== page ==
The objective of this paper is to replicate the study performed by McAlister considering the overlap in the attributes being measured. In so doing, by comparing McAlister's model to the overlap model, the differences in the models can be observed in terms of the "fit" of the estimated model, the predictive "fit" and the differences in satiation (ideal) points generated. The experiment will be discussed after a brief presentation of the model to be used.


The model is identical in form to McAlister's, so only a brief overview will be presented in order to point out the difference in parameter definition between the two models. For a full discussion, see McAlister (1978).

In mathematical terms, the assumption stated earlier concerning the cumulative nature of attributes can be represented by



K = number of attributes,

k = index number of attribute k = 1,2,...,K,

g = a specific group of items,

G = the total number of items in each group,

Xgjk = the value of attribute k for item j in group g, and

Xg,k = the sum of the values for attribute k in group g.

This was the exact form of McAlister's model, and this measure will be computed and compared to a measure which considers attribute overlap. The overlap model is operationalized by defining


where 0xgjk represents the overlap of attribute k for all items j in group g, and therefore, Xog,k represents the sum across products discounting the overlap of an attribute between brands, when one exists. This model would then consider any overlap between the attribute ratings provided by an individual. For example, if one brand was perceived as having 5 units of an attribute and a second brand as having 3 units of the same attribute, but, the brands were seen as having an overlap of 1 unit, the score would be 7 [(5+3) - 1] instead of 8 as in the earlier example.

The function used to operationalize the diminishing marginal utility assumption will also be the same as employed by McAlister. Graphically, Figure 1 shows the shape of the curve required by this assumption.



Here, xk represents the present level of attribute k and xk the ideal level or satiation point. This representation is realistic in many marketing situations, but as already mentioned, the shape could be quite different and still fulfill the assumption (e.g. S-shaped curve).

McAlister showed how this quadratic relationship can be conveniently parameterized using Srinivasan and Shocker's (1973) LINMAP algorithm. Given the requirements stated, and due to the constraints which result from the linear programming formulation, the following quadratic form is found.


This form meets the requirements of the first assumption. The additivity assumption, allowing for overlap, combined with this function, yields an expression for the total utility of group g, AS(g),

EQUATION    (4)  and   (5)

where Wk is the importance or salience of attribute k and Xk the corresponding ideal point. This is the term which-McAlister observed to be the exact form of LINMAP, with the only difference being the sum of attribute values over items has been substituted for the attribute values for a single item. Therefore, with the input of n(n-1)/2 paired comparisons from a rank ordering of n items, the parameters of the model can be estimated.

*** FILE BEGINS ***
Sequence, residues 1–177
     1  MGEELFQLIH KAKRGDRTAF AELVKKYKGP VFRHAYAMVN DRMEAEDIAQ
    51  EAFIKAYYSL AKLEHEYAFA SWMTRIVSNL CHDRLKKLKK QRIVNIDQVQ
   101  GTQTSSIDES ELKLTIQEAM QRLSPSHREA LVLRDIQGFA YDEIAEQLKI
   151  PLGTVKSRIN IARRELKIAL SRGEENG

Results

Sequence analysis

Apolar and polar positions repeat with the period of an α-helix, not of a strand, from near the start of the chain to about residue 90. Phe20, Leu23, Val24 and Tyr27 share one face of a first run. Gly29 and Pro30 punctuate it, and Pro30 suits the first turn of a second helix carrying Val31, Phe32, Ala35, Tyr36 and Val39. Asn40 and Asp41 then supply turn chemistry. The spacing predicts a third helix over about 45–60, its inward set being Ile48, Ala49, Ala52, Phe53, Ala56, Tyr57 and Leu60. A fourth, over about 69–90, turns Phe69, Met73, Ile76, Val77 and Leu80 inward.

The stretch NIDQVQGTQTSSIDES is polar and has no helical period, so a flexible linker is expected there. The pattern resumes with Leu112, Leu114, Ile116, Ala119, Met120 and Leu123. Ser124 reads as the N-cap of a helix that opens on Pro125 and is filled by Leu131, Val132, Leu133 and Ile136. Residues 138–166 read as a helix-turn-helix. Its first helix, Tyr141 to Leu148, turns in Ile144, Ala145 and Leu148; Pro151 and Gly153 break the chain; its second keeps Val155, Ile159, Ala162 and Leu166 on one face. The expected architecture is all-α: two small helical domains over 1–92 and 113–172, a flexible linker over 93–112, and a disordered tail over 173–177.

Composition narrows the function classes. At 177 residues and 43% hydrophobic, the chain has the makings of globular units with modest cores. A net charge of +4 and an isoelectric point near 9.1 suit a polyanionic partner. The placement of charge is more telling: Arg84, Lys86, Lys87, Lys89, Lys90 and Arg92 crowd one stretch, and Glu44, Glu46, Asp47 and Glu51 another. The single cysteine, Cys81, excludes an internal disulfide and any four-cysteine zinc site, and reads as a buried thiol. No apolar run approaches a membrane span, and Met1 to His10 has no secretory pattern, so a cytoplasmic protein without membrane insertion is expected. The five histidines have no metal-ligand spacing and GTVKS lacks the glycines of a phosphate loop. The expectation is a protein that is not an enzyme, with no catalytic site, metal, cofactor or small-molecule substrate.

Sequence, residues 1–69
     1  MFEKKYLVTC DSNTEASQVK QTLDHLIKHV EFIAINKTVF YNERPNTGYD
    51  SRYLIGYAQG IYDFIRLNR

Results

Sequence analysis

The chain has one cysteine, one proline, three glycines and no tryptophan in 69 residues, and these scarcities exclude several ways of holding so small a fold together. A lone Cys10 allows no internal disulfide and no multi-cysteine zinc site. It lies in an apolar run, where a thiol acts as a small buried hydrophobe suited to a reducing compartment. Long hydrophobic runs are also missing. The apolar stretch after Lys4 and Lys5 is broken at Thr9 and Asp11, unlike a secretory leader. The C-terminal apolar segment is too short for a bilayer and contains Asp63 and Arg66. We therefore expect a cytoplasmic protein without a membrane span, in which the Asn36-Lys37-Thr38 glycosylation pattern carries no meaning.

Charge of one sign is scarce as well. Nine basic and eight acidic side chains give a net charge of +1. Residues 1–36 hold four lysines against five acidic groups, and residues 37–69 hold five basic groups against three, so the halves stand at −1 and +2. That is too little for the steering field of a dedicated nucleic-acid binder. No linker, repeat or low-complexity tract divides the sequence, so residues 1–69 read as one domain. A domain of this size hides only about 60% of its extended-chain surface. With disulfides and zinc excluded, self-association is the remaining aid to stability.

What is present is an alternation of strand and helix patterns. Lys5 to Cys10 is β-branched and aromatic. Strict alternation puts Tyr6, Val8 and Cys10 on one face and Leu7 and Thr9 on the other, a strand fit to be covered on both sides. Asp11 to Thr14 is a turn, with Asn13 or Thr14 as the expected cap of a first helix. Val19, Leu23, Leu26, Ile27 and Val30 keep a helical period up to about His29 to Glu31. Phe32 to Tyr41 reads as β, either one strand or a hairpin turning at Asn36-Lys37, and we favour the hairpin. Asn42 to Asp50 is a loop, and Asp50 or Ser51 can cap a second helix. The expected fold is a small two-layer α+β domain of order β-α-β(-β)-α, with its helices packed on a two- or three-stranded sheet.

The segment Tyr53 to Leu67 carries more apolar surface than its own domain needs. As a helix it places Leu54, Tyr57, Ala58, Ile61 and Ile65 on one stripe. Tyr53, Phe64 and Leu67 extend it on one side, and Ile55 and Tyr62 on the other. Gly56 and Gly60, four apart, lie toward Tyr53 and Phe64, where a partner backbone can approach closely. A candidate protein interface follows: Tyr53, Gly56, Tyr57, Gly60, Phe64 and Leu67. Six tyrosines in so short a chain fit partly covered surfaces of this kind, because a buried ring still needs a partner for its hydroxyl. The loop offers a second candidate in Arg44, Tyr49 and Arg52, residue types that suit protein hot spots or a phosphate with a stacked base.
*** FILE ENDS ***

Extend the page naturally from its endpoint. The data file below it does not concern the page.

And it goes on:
The McAlister experiment was replicated in order to test the difference between the satiation model and the model considering attribute overlap. Twenty-one female subjects were presented with 32 magazine subscription packages which they were asked to rank order from the one to which they would most likely - to least likely subscribe, given they must pay the annual subscription rates. The five magazines used in the study were Newsweek, Time, U.S. News and World Report, Cosmopolitan and Playboy. These five magazines generated the 32 (25) different subscription packages. The attributes measured were news content, entertainment features, eroticism and cost. It can be seen that these magazines not only possess the attribute news content, but could have an overlap in stories. While it is possible the magazines might overlap on several of the attributes (e.g. Playboy and Cosmopolitan on eroticism), the only attribute overlap which was measured dealt with news content(as the purpose of this paper is to merely illustrate the effect of attribute overlap). The task would be much more complex if all attributes were considered, and it was felt this would be a logical first step in investigating the importance of considering attribute overlap.

The overlap measures were gathered through the illustrative use of Venn diagrams. Figure 2 shows how the overlap in news content between magazines (combinations of magazines taken two, three, four and five at a time from the full set of five magazines) was measured.

This process was pretested to check for the clarity of presentation and difficulty to complete and found to be straightforward.

The instrument used to measure attribute levels (for news content, entertainment features, eroticism and cost) was identical to McAlister's, with data being gathered on an 11 point scale. For example, the scale for measuring news content (for each magazine) was:

No news at all  0  1  2  3  4  5  6   7  8   9  10  11  Maximum amount of news conceivable in a magazine